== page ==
On a lovely Sunday afternoon, two families want to have a picnic at the same table. The two fathers, who happen to be kung fu masters, fight to the death to settle the matter. This epic kung fu battle is full of flying kicks, stupid comedy, and un-synced dialogue. This is one picnic you won’t want to miss.
Filming Lunch Fu was a lot of fun. I think I remember the shoot taking about ten days total. Because it was hard to work with everyone’s schedules, it was usually just me, Andrew, and Dave. I had extra help on the bigger days so that things would go better according to plan. We worked on it when we could though, mostly on the weekends. It was also very hot so we couldn’t film very long at one time. We shot it in a park across the street from Dave’s (Chef) studio, so all the equipment was easy to access.
One of the props we used actually wasn’t even ours. The grill that Andrew (Cook) uses at the beginning was in the backyard of the studio. It probably belonged to the people upstairs. We borrowed it for a little while and brought it back everyday. Actually I don’t even remember if anyone lived up there. If they did, please do not tell them we used their grill. It will be our little secret. Thanks.
We shot in the park at different times of the day and on different days of the week, so this caused some problems in continuity. Sometimes there were like a hundred kids there playing around. Sometimes there were none. Sometimes there were fruit vendors on the sides of the street. Sometimes there were people there with dogs. Sometimes it was sunny. Sometimes it was cloudy. We had a lot of problems like that. I didn’t care though. I just wanted to make the movie.
This film was partially written and partially improvised. It was really fun because we all got to be really creative. Actually the reason I made this film was just to test out my new blue screen. I kept on getting ideas so I just decided to make it a short film instead of a test. In the script I wrote everything that I wanted to happen, and then we kind of improvised the actual choreography. I did not use story boards. Some of the shots I had planned in my head before the shoot, but most of them were made up on the spot.
One of the fun things was that the dialogue was going to be dubbed, so Dave and Andrew could say whatever they wanted. They said some pretty funny things. I forgot most of them, but there a few I remember. Here is a list of them:
When Bobby tells Cook that he wants to be as great as him some day, Andrew actually is saying, “You will never be as good as me.”
When Chef is trying to trick Cook on the playground and tells him to stand in a certain spot, Andrew said “Butterfly” instead of why.
Near the end when Cook and Chef are about to jumpkick each other, Andrew says, “Will you marry me Dave? Let’s move to Seattle.”
That’s all I can remember. I only remember Andrew’s stuff because Dave mostly spoke jibberish. He made some pretty funny noises though. We recorded the dialogue in Dave’s studio after the movie was edited. It was kind of like doing a voiceover. We had a lot of fun with it.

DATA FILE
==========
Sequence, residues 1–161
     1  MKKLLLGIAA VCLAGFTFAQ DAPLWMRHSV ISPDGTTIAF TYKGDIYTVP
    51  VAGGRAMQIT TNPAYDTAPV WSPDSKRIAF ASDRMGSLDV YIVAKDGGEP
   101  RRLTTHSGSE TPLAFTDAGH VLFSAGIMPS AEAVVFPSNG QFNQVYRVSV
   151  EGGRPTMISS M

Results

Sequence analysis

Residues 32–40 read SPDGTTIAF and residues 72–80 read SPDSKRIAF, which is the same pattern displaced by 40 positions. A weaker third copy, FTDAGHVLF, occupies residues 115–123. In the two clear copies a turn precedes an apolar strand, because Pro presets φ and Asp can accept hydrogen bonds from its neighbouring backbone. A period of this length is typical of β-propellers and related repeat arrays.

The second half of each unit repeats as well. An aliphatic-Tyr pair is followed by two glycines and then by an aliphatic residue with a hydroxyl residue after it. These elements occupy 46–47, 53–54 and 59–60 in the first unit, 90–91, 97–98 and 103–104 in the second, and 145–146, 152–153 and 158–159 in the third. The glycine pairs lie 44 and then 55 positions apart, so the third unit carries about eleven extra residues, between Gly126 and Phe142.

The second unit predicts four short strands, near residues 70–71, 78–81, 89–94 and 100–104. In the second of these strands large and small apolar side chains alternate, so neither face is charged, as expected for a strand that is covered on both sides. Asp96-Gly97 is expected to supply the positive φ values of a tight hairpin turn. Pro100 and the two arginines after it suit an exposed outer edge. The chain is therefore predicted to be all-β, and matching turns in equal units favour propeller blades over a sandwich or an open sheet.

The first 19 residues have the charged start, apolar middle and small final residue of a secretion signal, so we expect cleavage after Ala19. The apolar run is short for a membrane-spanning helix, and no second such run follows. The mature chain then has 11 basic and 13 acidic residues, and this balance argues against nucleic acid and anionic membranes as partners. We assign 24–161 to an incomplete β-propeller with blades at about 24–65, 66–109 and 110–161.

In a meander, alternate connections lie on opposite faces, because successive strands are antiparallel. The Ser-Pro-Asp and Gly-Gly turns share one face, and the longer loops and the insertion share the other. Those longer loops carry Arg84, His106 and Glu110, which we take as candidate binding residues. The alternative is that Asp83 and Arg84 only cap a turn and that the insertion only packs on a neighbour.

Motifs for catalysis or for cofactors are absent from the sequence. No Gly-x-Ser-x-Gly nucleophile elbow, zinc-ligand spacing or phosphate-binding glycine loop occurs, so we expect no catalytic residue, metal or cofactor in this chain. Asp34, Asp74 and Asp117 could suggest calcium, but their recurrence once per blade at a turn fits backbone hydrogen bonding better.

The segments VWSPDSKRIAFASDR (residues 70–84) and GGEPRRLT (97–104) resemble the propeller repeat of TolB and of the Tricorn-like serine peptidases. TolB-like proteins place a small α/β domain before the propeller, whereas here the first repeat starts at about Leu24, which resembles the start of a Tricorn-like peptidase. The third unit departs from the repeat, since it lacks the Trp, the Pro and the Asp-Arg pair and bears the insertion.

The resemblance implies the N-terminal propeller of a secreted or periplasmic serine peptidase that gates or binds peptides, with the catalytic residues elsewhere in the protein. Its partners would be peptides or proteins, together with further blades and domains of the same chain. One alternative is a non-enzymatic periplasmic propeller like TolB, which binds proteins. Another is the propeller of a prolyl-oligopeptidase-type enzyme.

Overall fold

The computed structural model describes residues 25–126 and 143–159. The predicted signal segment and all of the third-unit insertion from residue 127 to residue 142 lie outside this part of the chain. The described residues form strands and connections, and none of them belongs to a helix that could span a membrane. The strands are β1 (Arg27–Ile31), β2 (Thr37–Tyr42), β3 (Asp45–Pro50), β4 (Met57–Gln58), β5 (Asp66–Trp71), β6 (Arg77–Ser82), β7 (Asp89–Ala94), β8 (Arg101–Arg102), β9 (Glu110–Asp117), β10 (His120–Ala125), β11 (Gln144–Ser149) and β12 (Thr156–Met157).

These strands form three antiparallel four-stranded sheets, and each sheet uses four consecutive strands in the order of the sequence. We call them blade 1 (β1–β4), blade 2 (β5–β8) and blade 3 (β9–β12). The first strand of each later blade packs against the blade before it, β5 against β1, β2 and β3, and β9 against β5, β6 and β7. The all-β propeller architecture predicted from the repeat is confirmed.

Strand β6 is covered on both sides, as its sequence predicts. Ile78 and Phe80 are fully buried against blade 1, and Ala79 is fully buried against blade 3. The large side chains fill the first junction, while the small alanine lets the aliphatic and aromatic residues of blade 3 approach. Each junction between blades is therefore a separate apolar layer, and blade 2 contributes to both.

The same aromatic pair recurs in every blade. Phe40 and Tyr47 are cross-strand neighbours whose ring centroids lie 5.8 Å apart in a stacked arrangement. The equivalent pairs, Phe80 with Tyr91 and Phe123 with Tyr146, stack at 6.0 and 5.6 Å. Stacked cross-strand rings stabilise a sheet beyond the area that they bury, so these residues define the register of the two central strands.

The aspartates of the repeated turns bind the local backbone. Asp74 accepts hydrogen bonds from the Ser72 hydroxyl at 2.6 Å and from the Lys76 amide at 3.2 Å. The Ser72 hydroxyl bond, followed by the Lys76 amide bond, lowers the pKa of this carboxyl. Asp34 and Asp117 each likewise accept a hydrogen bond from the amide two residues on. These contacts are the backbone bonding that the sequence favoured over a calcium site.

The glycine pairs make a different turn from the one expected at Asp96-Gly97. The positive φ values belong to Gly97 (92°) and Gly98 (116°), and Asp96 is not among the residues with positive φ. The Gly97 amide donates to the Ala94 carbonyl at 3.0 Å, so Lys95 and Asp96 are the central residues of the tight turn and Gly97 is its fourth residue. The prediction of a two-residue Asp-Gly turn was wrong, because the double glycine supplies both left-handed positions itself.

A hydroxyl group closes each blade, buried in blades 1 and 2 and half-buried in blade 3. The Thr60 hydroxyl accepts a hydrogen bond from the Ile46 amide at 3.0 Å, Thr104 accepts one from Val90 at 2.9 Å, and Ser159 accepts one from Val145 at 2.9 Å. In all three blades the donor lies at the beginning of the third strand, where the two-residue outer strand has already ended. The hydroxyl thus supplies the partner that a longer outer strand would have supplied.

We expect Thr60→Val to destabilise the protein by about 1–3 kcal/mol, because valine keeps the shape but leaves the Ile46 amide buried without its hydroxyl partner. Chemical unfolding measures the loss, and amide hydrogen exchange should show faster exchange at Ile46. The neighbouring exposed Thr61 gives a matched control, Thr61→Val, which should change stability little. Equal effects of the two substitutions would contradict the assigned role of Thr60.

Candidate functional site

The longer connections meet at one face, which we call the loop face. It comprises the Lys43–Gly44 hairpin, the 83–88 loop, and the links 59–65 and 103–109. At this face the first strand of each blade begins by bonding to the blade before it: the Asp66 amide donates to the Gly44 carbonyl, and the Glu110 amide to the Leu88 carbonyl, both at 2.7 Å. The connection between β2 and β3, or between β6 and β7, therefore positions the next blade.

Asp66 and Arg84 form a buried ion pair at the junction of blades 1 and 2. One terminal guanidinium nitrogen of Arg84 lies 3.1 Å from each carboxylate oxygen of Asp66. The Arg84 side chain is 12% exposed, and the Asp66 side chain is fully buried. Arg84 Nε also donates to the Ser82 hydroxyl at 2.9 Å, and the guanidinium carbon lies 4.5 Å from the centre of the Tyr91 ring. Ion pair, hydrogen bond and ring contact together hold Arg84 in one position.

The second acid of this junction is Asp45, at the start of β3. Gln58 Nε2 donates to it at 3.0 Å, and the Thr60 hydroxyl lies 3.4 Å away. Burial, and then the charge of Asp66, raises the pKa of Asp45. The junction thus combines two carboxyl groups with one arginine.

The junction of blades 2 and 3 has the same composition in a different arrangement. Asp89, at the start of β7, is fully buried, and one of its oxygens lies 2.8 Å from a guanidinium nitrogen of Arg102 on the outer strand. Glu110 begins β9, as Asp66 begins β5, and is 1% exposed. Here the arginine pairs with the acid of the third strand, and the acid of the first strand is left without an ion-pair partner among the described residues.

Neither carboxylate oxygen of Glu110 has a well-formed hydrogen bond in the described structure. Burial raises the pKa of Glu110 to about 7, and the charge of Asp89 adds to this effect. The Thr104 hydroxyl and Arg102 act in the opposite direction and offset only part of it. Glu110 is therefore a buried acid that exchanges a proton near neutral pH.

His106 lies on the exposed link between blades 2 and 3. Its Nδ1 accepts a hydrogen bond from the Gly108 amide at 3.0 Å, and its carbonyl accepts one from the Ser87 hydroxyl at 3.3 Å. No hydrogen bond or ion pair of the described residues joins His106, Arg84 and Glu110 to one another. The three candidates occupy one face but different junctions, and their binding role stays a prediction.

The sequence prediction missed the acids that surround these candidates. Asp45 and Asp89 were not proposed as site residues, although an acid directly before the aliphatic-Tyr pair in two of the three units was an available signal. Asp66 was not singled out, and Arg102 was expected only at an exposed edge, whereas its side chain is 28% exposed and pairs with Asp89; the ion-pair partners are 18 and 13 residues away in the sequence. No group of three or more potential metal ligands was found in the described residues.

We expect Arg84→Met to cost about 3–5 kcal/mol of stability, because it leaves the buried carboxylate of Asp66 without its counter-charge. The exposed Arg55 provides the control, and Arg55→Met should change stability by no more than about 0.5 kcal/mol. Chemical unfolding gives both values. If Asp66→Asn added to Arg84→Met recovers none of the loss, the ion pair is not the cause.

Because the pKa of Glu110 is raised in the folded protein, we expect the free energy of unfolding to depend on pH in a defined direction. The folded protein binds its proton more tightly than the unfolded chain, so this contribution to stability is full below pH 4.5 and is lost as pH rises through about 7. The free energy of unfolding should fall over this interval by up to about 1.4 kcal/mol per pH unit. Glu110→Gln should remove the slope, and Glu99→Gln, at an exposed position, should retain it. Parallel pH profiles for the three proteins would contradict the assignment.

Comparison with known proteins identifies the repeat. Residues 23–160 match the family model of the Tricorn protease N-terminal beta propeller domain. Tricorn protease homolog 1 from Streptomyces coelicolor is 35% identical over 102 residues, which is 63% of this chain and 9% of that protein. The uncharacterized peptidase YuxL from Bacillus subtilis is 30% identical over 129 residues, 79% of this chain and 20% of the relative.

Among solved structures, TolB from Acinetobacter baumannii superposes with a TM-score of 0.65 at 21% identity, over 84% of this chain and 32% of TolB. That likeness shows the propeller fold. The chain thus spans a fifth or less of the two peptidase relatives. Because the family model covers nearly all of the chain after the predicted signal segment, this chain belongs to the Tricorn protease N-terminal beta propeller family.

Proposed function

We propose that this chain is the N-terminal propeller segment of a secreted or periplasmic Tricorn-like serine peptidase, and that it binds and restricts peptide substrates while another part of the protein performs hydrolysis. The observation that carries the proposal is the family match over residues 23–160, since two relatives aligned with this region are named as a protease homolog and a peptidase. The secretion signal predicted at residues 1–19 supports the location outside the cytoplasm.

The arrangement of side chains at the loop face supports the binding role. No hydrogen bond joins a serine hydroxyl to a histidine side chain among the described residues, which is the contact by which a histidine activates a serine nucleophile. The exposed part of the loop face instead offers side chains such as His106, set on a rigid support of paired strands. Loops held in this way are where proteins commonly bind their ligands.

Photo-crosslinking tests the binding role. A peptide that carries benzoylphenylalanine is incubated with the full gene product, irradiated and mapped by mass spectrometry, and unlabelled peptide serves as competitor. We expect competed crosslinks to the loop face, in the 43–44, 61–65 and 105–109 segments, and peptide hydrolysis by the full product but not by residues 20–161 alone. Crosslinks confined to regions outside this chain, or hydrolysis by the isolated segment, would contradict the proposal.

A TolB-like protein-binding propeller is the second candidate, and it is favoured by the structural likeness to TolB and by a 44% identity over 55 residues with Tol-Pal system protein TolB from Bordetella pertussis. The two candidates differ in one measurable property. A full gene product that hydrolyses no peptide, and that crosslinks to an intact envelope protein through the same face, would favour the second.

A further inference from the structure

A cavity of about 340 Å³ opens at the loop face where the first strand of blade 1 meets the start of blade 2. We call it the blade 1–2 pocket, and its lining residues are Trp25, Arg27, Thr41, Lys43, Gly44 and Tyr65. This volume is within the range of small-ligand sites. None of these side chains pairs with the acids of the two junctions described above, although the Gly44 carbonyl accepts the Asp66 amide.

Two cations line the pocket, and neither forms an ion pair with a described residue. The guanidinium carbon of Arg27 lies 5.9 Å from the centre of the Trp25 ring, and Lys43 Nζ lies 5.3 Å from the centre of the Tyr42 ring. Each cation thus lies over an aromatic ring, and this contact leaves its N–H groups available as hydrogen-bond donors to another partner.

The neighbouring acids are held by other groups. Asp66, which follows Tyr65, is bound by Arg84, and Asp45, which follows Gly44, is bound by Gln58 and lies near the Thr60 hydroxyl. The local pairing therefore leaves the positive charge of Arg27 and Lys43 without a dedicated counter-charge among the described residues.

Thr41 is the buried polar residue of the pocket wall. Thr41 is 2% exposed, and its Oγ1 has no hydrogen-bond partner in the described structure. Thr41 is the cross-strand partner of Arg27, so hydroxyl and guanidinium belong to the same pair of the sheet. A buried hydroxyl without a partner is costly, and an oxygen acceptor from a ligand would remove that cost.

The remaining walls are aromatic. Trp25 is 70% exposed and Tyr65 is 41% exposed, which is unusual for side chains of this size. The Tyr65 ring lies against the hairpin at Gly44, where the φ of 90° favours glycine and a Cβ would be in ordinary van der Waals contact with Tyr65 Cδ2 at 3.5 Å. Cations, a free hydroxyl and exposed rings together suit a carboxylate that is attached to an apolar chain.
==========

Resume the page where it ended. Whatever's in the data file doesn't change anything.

There isn’t really too much else that I remember about Production. Post-Production was crazy though. It took forever. It was really hard. I had to edit around all the mistakes I made and try to fix them with tricks that I knew. I also had to do lots of blue screen effects. I edited it on Final Cut Pro. The biggest problem is explained below. It’s kind of a lengthy explanation, but hopefully you’ll understand it.
Lunch Fu was filmed with a wide-angle lens. A wide-angle lens is kind of like a fish-eye lens, but less extreme. It distorts the image by bending it around the edges. It gives it more of a cartoonish look. I shot this film on a Canon GL2 camera, and the lens just screws over the top of the other one. The problem with that is that when you’re zoomed out all the way, you can see black in the corners because the lens attachment is partially obstructing the view of the lens. Then there was one day that I left the UV filter on and put the wide lens on top of that. The corners had so much black on them that I had to reshoot a bunch of stuff. These black corners are more noticable on some shots than others. Almost every shot of the film had to be zoomed in slightly to get rid of them. It was a pain, and it results in a little loss of quality. In some shots, I used some effects in post production to get rid of the corners, but if you look closely, you’ll notice.
Another huge problem was the weather. Sometimes it was cloudy and sometimes it wasn’t. I used some crazy color correcting techniques to make it flow better. I had to turn the sky blue when it was actually white in lots of shots. You’ll notice if you look closely. You can tell especially when Andrew is in the shot, because all of the white on his costume is partially blue instead of white.
Those are just a few of the problems. Sound editing took forever too. I also had to drive up to Wisconsin a lot because that’s where Joe (music) lived. I went there every now and then to see how the music was going and to tell him what I thought of it. I had a good time working with him.
One last thing I wanted to point out that no one knows is that I am in this movie. It’s kind of funny. There was one shot I needed of Andrew, but he couldn’t do it because he had to leave for school. I really needed the shot, so I borrowed his costume and filmed myself doing the action. Since the shot is far away, you can’t tell. Andrew and I have pretty much the same body type, so no one will ever know. It is the shot after Dave shoots the fireball at Andrew. Cook flies through the air and lands on the swing. That’s me. Yippee.
I hope you enjoyed these notes. Thanks for reading them.
Jay Pavlina plays through The Lost Levels in Super Mario Bros. Crossover 3.1.